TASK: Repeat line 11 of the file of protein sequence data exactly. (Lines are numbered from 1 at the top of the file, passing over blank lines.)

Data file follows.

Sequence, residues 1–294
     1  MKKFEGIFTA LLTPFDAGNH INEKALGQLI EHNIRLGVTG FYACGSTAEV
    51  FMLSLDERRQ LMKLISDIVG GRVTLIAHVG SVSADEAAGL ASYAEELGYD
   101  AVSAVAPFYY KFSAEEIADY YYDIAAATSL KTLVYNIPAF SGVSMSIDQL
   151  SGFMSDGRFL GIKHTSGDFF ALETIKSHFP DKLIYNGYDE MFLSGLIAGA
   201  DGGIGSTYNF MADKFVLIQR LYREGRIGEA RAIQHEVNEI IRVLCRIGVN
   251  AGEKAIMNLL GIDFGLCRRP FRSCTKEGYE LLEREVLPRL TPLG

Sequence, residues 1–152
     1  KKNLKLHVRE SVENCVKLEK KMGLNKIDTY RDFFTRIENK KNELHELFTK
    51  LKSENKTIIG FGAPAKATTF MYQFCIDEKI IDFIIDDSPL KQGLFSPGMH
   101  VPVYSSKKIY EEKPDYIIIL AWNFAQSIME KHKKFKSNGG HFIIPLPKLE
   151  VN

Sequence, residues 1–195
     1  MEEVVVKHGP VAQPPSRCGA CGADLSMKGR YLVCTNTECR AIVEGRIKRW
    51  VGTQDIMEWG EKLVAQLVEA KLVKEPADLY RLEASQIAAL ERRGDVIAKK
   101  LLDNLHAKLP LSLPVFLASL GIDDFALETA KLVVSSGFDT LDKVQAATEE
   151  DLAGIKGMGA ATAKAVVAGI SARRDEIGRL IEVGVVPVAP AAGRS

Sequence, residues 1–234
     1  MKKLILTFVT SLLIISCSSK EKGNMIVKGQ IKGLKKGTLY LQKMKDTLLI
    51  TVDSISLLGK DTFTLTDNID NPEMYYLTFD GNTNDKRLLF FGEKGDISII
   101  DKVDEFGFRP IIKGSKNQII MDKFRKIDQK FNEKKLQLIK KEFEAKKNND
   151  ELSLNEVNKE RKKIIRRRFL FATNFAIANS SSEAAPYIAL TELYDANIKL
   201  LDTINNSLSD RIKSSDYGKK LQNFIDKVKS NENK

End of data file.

   101  VPVYSSKKIY EEKPDYIIIL AWNFAQSIME KHKKFKSNGG HFIIPLPKLE